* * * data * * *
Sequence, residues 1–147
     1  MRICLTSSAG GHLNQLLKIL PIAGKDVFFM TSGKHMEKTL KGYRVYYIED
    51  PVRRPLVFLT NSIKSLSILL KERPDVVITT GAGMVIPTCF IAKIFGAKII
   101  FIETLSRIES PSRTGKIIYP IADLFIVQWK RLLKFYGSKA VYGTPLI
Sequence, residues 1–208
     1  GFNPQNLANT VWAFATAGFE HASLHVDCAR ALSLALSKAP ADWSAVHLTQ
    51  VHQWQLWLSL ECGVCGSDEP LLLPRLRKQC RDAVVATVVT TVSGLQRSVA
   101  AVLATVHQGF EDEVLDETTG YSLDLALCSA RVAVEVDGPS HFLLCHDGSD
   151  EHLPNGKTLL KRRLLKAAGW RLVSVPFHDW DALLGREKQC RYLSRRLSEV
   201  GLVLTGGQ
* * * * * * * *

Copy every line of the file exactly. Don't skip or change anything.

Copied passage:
Sequence, residues 1–147
     1  MRICLTSSAG GHLNQLLKIL PIAGKDVFFM TSGKHMEKTL KGYRVYYIED
    51  PVRRPLVFLT NSIKSLSILL KERPDVVITT GAGMVIPTCF IAKIFGAKII
   101  FIETLSRIES PSRTGKIIYP IADLFIVQWK RLLKFYGSKA VYGTPLI
Sequence, residues 1–208
     1  GFNPQNLANT VWAFATAGFE HASLHVDCAR ALSLALSKAP ADWSAVHLTQ
    51  VHQWQLWLSL ECGVCGSDEP LLLPRLRKQC RDAVVATVVT TVSGLQRSVA
   101  AVLATVHQGF EDEVLDETTG YSLDLALCSA RVAVEVDGPS HFLLCHDGSD
   151  EHLPNGKTLL KRRLLKAAGW RLVSVPFHDW DALLGREKQC RYLSRRLSEV
   201  GLVLTGGQ